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The author sees that general pharmacology is steadily replacing the old burdensome pharmacology with its immense number of drugs and recipes which the physician may rarely use. The object of the book is to present the general principles of pharmacology in a separate and short form, now lacking in the German language. The student may benefit from general pharmacology as much as from instruction in general pathology. The study must be pursued assiduously if the student is to gain fundamental conceptions of drug action. He discusses the absorption of drugs, their distribution in the body, excretion, relation of dose to effect, sensitivity of the organism, habituation, idiosyncrasy, fate of drugs in the body, synergism and antagonism, and chemical constitution in relation to action. The American student will find nothing new, either in method of presentation or in subject matter. All is to be found in the standard textbooks of pharmacology.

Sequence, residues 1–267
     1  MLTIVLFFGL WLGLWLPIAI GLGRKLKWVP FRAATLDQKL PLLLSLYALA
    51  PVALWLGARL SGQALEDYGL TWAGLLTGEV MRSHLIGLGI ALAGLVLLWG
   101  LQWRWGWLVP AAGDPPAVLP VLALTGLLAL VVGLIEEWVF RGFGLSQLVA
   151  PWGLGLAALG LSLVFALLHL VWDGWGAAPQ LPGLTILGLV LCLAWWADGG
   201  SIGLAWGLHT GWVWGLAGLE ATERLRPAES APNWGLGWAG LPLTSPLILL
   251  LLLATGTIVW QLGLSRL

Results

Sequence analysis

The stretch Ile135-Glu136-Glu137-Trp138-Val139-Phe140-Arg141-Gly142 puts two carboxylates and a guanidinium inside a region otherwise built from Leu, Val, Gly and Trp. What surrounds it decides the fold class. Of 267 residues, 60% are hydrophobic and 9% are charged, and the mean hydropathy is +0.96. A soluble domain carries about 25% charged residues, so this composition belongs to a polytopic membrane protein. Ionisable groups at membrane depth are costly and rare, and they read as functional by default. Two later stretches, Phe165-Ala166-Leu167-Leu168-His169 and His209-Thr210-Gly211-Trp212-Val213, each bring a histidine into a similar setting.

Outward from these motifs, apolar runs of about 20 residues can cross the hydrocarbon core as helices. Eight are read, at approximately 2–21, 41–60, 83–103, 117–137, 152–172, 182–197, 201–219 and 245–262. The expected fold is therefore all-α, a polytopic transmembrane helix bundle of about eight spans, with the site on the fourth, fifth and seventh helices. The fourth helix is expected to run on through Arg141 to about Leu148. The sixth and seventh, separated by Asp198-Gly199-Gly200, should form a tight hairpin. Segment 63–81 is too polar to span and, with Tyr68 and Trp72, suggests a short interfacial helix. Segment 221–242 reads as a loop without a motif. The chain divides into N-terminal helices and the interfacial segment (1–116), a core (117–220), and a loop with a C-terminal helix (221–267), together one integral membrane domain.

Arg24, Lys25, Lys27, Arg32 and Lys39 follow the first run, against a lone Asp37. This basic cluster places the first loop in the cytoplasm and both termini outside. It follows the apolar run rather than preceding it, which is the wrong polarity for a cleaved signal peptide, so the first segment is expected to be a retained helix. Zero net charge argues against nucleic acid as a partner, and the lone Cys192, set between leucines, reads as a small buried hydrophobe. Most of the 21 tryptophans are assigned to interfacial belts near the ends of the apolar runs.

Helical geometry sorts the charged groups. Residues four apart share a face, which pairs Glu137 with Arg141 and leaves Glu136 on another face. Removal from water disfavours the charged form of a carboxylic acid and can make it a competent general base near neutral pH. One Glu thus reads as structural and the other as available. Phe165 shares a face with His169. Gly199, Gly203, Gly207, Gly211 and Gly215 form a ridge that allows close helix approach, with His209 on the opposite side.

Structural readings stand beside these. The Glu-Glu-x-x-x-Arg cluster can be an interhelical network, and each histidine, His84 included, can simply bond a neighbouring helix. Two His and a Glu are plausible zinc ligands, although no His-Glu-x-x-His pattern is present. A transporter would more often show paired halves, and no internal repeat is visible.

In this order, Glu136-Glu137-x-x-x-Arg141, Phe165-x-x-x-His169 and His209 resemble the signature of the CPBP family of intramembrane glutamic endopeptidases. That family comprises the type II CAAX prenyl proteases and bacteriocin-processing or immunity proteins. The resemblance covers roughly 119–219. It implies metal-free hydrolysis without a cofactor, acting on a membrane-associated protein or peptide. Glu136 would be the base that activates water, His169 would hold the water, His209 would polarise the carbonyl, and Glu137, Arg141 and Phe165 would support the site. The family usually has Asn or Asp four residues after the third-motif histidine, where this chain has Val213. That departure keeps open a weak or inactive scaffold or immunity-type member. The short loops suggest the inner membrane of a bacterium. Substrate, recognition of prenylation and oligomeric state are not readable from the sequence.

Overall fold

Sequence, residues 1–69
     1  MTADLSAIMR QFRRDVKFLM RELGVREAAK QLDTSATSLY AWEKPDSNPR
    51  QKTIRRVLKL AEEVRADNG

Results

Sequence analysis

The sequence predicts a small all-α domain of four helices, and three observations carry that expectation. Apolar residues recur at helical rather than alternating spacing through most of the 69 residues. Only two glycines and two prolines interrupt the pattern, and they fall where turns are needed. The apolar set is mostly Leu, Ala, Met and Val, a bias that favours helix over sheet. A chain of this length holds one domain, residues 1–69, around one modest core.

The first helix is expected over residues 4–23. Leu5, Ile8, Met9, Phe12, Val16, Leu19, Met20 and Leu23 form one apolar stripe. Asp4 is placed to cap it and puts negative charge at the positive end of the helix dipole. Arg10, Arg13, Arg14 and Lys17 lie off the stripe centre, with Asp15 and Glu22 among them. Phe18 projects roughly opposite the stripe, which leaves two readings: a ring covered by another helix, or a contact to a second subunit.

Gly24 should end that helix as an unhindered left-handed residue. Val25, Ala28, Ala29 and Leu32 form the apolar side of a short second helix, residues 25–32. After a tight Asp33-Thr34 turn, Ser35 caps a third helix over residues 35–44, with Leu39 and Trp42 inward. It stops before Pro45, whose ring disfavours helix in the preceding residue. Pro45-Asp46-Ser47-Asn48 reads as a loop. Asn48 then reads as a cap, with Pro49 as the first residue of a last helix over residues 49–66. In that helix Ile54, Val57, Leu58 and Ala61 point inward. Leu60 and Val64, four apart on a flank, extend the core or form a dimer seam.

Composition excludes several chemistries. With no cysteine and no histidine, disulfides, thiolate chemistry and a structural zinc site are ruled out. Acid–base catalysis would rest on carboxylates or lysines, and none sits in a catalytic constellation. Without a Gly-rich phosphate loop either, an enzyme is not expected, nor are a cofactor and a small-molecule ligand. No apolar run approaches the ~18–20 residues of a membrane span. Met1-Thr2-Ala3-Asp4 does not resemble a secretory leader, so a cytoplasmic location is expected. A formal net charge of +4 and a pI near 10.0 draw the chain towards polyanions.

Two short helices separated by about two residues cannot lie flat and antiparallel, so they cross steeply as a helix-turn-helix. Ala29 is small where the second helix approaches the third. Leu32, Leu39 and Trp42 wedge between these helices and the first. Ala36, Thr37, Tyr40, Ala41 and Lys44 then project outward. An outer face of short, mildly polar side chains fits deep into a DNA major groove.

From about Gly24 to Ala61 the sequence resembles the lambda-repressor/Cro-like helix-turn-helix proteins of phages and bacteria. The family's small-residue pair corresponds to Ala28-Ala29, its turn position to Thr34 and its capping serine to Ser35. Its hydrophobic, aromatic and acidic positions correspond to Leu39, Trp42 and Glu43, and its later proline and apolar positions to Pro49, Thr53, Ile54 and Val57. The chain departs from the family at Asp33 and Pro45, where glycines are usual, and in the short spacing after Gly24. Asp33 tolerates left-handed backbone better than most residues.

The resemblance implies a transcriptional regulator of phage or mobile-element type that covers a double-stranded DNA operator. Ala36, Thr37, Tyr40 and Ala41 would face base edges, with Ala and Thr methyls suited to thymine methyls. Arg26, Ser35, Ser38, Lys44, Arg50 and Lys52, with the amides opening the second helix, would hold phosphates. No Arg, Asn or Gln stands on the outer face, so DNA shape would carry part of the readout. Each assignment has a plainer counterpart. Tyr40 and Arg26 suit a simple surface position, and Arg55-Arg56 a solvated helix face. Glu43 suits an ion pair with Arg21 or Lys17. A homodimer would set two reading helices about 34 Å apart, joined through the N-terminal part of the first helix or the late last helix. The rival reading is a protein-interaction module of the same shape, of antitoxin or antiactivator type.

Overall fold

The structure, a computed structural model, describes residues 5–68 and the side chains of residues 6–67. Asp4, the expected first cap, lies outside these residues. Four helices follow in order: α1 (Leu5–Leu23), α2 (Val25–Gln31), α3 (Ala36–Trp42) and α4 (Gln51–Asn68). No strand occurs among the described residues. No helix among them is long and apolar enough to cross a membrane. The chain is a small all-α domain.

Allgemeine Pharmakologie: Ein Grundriss für Ärzte und Studierende. JAMA. 1938;111(26):2418. doi:10.1001/jama.1938.02790520074034
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